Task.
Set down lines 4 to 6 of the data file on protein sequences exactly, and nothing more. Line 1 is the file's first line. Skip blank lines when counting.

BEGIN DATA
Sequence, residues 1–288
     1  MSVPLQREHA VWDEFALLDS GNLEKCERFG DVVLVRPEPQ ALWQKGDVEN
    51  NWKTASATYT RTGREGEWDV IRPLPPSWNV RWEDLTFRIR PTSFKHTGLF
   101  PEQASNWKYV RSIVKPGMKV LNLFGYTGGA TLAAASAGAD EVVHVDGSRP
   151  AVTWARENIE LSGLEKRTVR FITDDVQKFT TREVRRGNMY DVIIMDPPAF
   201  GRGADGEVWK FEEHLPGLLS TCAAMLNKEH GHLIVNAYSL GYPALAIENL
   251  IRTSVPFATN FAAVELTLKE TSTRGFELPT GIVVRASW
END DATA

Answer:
   101  PEQASNWKYV RSIVKPGMKV LNLFGYTGGA TLAAASAGAD EVVHVDGSRP
   151  AVTWARENIE LSGLEKRTVR FITDDVQKFT TREVRRGNMY DVIIMDPPAF
   201  GRGADGEVWK FEEHLPGLLS TCAAMLNKEH GHLIVNAYSL GYPALAIENL